Molecules R Us was located on a modern and futuristic suburban campus. The installation of OIPMS-Mac on their Mac was a snap. Like Chapman, these guys wanted to input their own patent data so the task at hand was for me to input one and then have Robert or one of his staffers do the next one while I supervised.
So I asked for a patent registration like last time. After being handed one, I proceeded to go through the fields. Patents are different from trade marks, but the data was organized the same way. The top part of the screen was devoted to the details of the underlying invention, the inventor, discovery date, prior art and first registration in the home country. The bottom part was all about the worldwide filing program and the registrations in foreign countries or multinational offices like the EPO or WIPO.
Except a funny thing happened. In the middle of my demo, while I was inputting one of Molecules’ patents, the system became unresponsive. And then the following graphic appeared on the screen:
“Welcome to Mac OS.” At least system crashes were announced with a cutesy image. See? Macs really are better!
Maybe I had seen this face once or twice; it was definitely rarer than the dreaded blue screen of death incurred on Windows machines. But in the middle of a client install? A ‘Sad Mac’ pictogram signaling system failure? Are you kidding me? The vaunted high quality Macintosh shitting on my parade in front of a new client?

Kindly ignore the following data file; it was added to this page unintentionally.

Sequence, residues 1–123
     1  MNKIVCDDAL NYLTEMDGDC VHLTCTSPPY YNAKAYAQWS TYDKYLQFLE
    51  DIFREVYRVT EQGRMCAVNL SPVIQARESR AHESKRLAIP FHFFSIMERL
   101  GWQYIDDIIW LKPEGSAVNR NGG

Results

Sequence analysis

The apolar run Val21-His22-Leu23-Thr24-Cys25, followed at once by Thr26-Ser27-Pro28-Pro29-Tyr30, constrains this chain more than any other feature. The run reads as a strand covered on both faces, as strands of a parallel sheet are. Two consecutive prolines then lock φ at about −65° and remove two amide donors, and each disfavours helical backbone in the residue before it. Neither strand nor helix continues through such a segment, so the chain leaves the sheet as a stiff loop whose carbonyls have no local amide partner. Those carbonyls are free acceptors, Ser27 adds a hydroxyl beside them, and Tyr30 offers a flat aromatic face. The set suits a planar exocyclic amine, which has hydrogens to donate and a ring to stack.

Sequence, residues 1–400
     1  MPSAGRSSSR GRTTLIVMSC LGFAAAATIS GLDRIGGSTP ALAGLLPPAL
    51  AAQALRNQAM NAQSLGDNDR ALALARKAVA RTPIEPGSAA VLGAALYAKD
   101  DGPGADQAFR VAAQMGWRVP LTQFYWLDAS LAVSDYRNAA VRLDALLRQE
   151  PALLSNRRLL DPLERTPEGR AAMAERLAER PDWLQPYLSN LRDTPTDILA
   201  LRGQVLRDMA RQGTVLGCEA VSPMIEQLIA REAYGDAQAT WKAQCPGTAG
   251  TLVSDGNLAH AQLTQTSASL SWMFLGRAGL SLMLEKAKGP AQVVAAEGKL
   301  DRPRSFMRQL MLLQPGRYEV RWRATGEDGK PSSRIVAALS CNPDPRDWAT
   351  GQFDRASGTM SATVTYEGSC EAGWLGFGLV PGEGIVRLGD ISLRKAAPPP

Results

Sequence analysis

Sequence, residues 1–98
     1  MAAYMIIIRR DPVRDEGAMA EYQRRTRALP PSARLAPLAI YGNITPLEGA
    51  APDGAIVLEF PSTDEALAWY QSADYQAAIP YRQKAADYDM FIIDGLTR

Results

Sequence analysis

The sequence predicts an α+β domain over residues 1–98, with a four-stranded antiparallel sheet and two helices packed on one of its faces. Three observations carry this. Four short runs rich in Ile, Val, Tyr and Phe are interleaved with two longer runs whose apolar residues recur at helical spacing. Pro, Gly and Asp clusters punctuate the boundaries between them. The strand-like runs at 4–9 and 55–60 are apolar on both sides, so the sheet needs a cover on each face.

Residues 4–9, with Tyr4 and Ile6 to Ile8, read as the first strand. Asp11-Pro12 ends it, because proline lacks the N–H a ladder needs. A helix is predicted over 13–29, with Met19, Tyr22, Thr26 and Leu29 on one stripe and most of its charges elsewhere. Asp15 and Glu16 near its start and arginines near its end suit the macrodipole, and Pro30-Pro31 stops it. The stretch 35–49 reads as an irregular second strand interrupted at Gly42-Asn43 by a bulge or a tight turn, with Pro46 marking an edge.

Robert leaned back in his chair and smiled at me. A pregnant pause. “I’m afraid we can’t accept delivery of this software,” he said with a deadpan voice.
“Can we resolve the error with our programming team and get back to you?” I asked. No, was the reply.
Sadly, I picked up my diskettes and notes and stored them away. Between this program and the DOS version I thought I had been packing a pair of solids, not two deuces. Didn’t turn out that way. In fact, it was more than a little odd that two programs tanked on me while out on a limb.
Driving back to New York that night, I resolved to crank up the level of quality in our software development process.
And thereafter enjoy the fruits of a better hand.
¹ – Not his real name.